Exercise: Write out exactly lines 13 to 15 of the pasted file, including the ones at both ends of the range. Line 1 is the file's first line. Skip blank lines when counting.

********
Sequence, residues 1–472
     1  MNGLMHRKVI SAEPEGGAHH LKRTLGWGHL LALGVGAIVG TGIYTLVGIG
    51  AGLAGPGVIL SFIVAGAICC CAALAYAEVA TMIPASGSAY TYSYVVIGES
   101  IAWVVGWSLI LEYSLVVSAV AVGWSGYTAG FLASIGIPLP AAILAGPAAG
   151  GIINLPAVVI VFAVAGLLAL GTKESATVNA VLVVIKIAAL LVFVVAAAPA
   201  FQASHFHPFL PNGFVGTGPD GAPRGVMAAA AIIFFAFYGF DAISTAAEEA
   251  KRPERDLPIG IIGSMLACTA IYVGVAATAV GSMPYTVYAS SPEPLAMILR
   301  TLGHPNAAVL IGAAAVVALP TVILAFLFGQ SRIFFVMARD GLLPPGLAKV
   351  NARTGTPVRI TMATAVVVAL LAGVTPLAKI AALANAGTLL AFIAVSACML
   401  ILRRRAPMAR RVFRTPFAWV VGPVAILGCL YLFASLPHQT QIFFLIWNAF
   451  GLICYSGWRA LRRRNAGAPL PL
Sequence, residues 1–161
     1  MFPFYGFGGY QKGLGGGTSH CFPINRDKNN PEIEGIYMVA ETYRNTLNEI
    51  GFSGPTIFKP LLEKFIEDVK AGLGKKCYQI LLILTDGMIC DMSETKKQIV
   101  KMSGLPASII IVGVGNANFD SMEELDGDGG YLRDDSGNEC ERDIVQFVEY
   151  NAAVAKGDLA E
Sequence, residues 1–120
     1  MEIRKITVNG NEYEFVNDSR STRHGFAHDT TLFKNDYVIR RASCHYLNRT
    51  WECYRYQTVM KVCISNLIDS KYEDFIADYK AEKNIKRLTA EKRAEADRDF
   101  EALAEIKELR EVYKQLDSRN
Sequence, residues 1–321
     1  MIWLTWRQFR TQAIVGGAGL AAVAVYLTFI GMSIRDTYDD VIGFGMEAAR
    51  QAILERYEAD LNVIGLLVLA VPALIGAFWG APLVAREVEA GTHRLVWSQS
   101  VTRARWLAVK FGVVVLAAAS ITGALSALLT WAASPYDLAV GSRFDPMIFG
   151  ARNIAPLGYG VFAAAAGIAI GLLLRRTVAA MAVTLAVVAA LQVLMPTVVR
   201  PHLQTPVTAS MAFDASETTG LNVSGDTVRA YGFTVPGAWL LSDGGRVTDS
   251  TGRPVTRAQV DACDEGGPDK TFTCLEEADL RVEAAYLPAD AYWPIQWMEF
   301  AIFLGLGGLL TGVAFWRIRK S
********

     1  MFPFYGFGGY QKGLGGGTSH CFPINRDKNN PEIEGIYMVA ETYRNTLNEI
    51  GFSGPTIFKP LLEKFIEDVK AGLGKKCYQI LLILTDGMIC DMSETKKQIV
   101  KMSGLPASII IVGVGNANFD SMEELDGDGG YLRDDSGNEC ERDIVQFVEY